Beware: people falsely claiming found animals
As members of the Cape Animal Welfare Forum, we receive various emails and info. We received one from the SPCA which we think is very important to share. It relates to finding and advertising a stray which you have found (and a big WELL DONE to those who do so).
“Due to the fact that a lot of people who find animals advertise them, and often include a photograph, it is very easy for members of the public to produce a photo and convince staff that the photo is theirs when in actual fact they have taken it off the internet or social media page.
We had a case last week where a man tried to claim a GSD with a photograph ‘proving’ that it was his dog. The staff member was alerted when the dog did not recognise the ‘owner’. It turned out that he got the photo from Facebook.”
This is particularly important for the more ‘desirable’ breeds like German Shepherd Dogs (as in this case), Pitbulls, Staffies, Boerboels, Huskies, and other purebred dogs. Yet another reason why you should microchip – and check that microchip regularly!
As they say, “If you found a diamond ring, would you publish a photo of it?”
What should you do? The SPCA says ‘the less said, the better’.
• Do not give too many details. The key is not to put in too many details of the animal in your advert (be it in the newspaper, on Facebook, on posters, etc.) and to make the claimant give a full description.
• Microchip. Take the animal to a vet to be scanned. If it is chipped, you can say so in the post but do not give the number publicly!
• Keep descriptions basic. Give a very basic description of what it looks like and where you found the dog. For example: ‘Small, white dog with a collar found near Durban Road’, instead of ‘White fluffy miniature poodle with one green eye and one brown, with a short tail, and spots on his legs wearing a pink collar found on the corner of x streets’.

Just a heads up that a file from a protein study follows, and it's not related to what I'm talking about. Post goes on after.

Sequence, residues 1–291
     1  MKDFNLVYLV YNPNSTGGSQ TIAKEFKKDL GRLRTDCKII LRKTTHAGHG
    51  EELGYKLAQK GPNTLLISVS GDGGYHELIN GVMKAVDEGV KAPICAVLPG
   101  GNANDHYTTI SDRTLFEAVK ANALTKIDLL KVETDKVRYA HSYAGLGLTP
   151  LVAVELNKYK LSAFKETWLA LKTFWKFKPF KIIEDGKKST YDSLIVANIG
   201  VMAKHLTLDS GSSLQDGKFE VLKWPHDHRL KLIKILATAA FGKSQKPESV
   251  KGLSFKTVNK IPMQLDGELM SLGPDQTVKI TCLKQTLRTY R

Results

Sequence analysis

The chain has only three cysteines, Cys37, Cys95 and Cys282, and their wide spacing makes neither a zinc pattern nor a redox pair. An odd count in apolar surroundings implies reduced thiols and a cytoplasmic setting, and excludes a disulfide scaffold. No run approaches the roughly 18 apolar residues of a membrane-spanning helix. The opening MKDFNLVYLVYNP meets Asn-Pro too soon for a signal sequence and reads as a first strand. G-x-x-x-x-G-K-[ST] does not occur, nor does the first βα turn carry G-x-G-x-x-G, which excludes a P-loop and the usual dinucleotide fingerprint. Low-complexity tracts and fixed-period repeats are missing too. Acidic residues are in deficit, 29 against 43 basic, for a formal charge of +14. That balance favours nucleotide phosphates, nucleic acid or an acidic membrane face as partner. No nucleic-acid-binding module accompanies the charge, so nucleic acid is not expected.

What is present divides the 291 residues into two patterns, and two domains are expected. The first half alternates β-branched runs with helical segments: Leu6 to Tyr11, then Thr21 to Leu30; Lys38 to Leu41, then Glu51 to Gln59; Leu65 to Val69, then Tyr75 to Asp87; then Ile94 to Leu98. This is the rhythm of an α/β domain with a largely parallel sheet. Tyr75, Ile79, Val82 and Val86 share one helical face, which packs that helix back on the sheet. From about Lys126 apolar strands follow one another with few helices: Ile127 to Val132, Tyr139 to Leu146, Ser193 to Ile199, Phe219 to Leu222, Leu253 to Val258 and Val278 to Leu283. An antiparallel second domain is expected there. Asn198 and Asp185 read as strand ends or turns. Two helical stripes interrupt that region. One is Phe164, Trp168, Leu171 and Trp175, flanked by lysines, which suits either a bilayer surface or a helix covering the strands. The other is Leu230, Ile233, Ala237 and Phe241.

• Identifiers. If the animal has a unique identifying feature, you can mention it but don’t describe it – the claimant will be required to do so. If people contact you, ask open-ended questions, e.g. ‘describe his markings’, not ‘does he have a white spot on his left leg’.
• Photos. You can share a photo, but crop out some of the detail (such as unusual marking, tail, etc.). This way a claimant will be forced to describe something that only the real owner would know.
• Proof. These days, most people will have some proof, especially photos, as well as vet visits, breed registration papers in some cases, microchip registration – something! If the only ‘proof’ they have is the photo you posted online, this is a concern.
• Safety first! If you’re keeping the animal until someone contacts you, be safe: don’t let strangers come to your house and, if you’re meeting them, take someone with you.
To all those who take time out of their busy lives in order to help an animal who is lost, and try to reunite it with its family: thank you and well done – you are heroes!
©Copyright reserved Fisantekraal Animal Welfare 2021